Today's reflection on the Daily Texts:
I will exult and rejoice in your steadfast love, because you have seen my affliction; you have taken heed of my adversities. - Psalm 31:7
Jesus said, "Ask and you will receive, so that your joy may be complete." - John 16:24
Two-year reading texts: Psalm 18:30-36; 2 Chronicles 1,2; Acts 17:29-18:7
John's gospel records numerous times when Jesus encouraged his disciples to ask anything of God. Today's verse includes a promise that when we ask, we will receive.
To our common "consumer" mindset, this sounds like a great deal for us! How often can I ask for whatever I want, and be promised to get it? Maybe you've even tried this technique of asking God for some personal desire (I know I have). Yet filing a request with God like this clearly does not always result in the desire being fulfilled to our specifications. From childish requests for material things to heartfelt adult prayers for career guidance, we don't always get what we ask for.
One thing to keep in mind is that these encouragements to ask are always spoken to the whole group of disciples. In John 16:24 (and all the other similar verses), you is a plural word. When we ask together, we will receive together, so that the joy we have together may be complete. There's something about coming together as the church, the Christian community, to ask. As the body of Christ with different gifts and perspectives, maybe asking in this way tempers our selfish, small-thinking tendencies. Maybe the Spirit guides us collectively to asking as a whole in a more holy way.
Another possibility is to remember about asking in the name of Jesus. In the previous verse, John 16:23, he says, "Very truly, I tell you, if you ask anything of the Father in my name, he will give it to you." I think he means more than adding the word that represents his name: "... and please give me this, because Jesus said I could have it." In John's gospel, name represents identity. We hear a lot about "believing in his name," Jesus glorifying the Father's name, the Spirit coming in Jesus' name, etc. It fits well with what Jesus says about "abiding" in him. Maybe our asking, in addition to being a community request, is meant to be rooted in our abiding together in Christ.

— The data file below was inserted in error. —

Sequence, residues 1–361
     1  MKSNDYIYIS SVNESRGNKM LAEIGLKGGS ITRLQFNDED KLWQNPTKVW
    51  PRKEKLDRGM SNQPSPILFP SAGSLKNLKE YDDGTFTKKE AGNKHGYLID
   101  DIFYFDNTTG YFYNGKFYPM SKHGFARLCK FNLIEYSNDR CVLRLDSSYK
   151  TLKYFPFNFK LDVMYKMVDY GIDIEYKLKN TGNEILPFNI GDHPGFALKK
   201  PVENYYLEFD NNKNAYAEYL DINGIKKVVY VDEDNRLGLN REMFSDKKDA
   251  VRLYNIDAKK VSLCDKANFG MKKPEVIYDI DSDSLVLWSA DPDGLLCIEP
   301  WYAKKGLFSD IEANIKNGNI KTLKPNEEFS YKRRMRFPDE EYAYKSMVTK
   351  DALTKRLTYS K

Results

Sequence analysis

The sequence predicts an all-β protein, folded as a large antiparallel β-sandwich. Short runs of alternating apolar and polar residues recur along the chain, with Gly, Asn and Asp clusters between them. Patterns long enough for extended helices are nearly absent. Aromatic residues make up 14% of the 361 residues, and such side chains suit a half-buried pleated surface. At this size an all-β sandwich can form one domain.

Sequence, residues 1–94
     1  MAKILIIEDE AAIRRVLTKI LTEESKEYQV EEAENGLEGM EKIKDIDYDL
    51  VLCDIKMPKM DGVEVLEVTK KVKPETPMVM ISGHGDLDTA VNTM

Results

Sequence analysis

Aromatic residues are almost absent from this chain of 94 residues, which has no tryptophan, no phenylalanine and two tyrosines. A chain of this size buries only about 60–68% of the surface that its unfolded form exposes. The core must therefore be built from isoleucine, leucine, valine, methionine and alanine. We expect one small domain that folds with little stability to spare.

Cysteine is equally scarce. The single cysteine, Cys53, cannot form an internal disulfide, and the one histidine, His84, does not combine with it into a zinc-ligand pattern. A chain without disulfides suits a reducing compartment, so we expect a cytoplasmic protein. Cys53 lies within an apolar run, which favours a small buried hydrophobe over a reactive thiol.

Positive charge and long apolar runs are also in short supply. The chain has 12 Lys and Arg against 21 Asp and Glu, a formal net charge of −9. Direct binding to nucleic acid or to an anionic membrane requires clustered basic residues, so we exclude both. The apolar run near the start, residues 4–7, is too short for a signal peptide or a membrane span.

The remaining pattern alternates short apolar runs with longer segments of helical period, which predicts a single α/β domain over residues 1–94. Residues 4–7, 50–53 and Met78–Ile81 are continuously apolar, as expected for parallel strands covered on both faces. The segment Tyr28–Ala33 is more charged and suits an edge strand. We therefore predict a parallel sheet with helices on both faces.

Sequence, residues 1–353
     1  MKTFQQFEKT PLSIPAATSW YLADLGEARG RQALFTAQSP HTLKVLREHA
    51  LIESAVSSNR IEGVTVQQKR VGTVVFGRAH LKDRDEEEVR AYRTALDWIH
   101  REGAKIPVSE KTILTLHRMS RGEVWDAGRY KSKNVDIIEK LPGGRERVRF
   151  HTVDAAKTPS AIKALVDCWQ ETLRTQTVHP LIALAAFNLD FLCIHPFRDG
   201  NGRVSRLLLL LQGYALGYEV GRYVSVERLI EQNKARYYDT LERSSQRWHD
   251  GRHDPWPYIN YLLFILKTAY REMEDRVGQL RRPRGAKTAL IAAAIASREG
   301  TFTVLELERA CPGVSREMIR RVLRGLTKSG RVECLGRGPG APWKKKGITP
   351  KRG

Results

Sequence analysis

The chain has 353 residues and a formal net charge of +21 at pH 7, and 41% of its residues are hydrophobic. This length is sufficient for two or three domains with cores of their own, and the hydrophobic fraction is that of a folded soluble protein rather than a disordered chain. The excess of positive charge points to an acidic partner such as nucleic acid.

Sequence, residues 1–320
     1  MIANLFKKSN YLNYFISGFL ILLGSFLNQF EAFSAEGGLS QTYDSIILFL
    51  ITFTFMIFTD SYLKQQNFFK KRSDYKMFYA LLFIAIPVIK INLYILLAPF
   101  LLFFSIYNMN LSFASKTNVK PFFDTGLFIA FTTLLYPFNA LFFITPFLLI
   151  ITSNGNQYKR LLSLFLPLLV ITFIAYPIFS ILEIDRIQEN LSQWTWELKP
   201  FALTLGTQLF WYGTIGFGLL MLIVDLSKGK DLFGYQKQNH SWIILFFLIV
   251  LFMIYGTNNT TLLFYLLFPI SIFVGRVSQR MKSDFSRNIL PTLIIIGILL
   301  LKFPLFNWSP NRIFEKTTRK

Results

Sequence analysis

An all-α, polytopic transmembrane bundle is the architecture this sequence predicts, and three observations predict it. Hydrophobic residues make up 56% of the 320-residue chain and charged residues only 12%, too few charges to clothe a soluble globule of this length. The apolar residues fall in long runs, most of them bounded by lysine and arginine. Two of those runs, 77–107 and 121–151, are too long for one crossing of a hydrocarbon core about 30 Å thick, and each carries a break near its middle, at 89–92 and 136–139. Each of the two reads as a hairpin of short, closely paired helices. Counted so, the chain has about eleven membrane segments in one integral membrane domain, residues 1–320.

The story of Solomon in 2 Chronicles 1 (also told in 1 Kings 3) is an interesting example. Raised up to the position of kingship over all Israel, God encourages Solomon to ask for something. This is a singular, not a plural, request. And Solomon decides to ask for the wisdom to be a good king. God is pleased that he requested wisdom and not selfish things like "possessions, wealth, honor, the life of those who hate you, or long life," and so God grants him wisdom and these other things.
I'm also reminded of the scripture that inspired the name of this blog. In Luke 9:23, Jesus says, "If any want to become my followers, let them deny themselves and take up their cross daily and follow me." Our life as disciples is about following this call. In denying ourselves, in taking up our cross daily, we find connection with Jesus, and a life beyond what we could have expected otherwise. In letting go of our selfish selves, we become better able to find and live our best selves in him.
So, when Jesus encourages us to ask, we should ask! What does your walk as a disciple require today? What will sustain you and enable you to keep following Jesus on the part of the path your feet are dealing with right now?
For myself (and for the church I serve, and the whole Christian community I'm a part of), today I ask God for wisdom. For compassion. For a heart after God's own heart. For the ability to focus on what's most important.
What about you? What will you ask?